(UPDATE) The national government finally had a teleconference with the Yamanashi prefectural government, in which the governor of Yamanashi asked for the national disaster response assistance, including sending personnel from Ministry of Land and Infrastructure who have expertise in dealing with heavy snow, according to a local Yamanashi newspaper.
Minister Furuya in charge of disaster prevention in the Abe administration instructed the ministries/agencies involved to collect detailed information using social networking websites.
...... (Who needs a national government for that?)
The snow storm on February 14 and 15 seems to have been even more severe than the one the week earlier in Kanto. For a while, residents in prefectures that regularly have heavy snow falls were smiling and bemused at residents in Kanto, particularly in Tokyo, for making a huge fuss about the snow fall that was about 30 centimeters in Tokyo, until everyone started to realize that these large and small cities in Tokyo and wider Kanto area are not designed to expect a snow fall more than 20 centimeters at most.
Particularly hard-hit seems to be Yamanashi Prefecture, located west of Tokyo. Judging from tweets from residents there, the prefectural and municipal governments in Yamanashi are taking the weekend off.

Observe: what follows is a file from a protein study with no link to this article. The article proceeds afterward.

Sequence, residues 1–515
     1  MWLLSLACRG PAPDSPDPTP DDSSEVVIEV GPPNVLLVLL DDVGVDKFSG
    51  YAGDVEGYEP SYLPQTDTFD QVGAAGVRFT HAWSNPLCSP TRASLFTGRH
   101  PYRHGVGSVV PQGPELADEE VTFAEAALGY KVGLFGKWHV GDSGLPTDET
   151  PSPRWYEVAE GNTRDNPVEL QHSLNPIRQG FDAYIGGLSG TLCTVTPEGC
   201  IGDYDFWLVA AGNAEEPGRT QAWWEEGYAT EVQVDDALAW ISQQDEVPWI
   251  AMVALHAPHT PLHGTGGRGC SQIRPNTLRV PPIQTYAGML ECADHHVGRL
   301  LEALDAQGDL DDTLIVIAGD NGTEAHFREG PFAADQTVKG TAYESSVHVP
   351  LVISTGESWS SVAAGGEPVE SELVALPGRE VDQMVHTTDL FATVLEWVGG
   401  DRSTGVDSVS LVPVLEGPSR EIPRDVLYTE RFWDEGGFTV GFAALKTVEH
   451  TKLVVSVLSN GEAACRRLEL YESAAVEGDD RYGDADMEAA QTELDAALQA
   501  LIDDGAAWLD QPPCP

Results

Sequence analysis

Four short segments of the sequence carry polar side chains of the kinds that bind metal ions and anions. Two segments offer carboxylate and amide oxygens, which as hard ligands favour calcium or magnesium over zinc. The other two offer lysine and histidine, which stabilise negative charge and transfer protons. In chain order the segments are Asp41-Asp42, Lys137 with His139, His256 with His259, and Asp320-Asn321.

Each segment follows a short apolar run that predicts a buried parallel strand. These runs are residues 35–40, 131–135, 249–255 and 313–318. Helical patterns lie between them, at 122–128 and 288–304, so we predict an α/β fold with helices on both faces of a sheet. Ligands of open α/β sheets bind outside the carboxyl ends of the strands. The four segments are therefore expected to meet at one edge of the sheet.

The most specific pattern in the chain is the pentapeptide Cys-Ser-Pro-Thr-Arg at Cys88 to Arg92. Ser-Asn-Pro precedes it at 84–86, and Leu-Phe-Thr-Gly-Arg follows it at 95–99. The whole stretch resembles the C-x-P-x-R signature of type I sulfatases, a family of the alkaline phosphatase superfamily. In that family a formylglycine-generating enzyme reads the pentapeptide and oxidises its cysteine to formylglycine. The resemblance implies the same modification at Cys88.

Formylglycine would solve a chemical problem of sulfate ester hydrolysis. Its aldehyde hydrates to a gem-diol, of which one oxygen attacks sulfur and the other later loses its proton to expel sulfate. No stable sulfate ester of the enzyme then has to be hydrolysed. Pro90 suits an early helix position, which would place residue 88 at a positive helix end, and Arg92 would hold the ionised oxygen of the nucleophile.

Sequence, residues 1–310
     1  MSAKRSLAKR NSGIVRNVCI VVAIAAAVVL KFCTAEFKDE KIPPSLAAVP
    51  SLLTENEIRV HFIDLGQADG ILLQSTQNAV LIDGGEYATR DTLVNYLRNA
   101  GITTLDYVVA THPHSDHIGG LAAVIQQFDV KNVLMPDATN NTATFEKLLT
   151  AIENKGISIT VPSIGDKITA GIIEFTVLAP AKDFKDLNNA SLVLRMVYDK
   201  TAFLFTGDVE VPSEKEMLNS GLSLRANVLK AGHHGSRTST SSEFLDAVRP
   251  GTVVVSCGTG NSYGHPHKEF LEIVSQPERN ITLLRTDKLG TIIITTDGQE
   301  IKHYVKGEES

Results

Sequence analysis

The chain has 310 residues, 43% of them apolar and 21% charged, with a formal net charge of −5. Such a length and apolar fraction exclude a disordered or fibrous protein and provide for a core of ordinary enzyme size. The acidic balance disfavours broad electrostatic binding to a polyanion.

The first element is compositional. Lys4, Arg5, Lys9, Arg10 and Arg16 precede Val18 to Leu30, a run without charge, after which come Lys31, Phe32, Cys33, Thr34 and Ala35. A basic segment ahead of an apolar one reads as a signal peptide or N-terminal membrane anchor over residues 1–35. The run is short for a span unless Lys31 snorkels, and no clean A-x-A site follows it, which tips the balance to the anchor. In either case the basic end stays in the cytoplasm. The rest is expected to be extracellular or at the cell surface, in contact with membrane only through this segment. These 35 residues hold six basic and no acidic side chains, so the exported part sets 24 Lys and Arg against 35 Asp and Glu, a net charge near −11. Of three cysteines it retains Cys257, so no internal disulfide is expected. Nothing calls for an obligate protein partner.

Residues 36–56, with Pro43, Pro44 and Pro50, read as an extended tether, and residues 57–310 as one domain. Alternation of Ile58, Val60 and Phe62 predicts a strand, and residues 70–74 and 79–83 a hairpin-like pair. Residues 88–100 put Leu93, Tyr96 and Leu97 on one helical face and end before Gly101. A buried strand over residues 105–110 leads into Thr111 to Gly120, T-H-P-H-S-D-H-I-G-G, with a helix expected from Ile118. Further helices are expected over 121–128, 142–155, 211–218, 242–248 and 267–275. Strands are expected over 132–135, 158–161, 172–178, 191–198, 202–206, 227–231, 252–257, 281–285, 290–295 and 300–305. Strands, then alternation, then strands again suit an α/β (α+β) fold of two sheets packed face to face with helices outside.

A tweet below by a high school teacher tweeting information he gets from his student says "The road in front of my house [student's house] hasn't been snowplowed. Can't even walk."
The high school teacher also tweets, "There is no emergency response headquarters in the village, no information as to the plans by the government. Here's our situation and we need help."
Yoichi Masuzoe, the newly elected governor of Tokyo thanks to the organized votes from LDP/Komei/Soka Gakkai and hardly anything else, seems to be taking the weekend off also. His last twitter is on February 13. And if this screenshot is true...
Announcer (Seiji Miyane): "Speaking of disaster preparedness, this heavy snow [probably about the one a week ago] can be considered a disaster, don't you think?"
Masuzoe: "This is not a big deal at all. It will be over in a day."
"You should be over in a day" is the comment on the tweet.
If you recall, disaster preparedness was one of the supposedly main issues (unlike nuclear power policies) of the gubernatorial election held on February 9. Modus operandi of Masuzoe seems to be the same as the Kan administration in March 2011, particularly that of then-Chief Cabinet Secretary Yukio "There is no immediate effect" Edano.
Close your eyes, and it doesn't exist any more.
And the national government under Prime Minister Shinzo Abe? The twitter account of Prime Minister's Official Residence Emergency Response Information, which has nearly one million followers, made the last update on February 15, announcing the "Disaster Response Volunteer Week" event.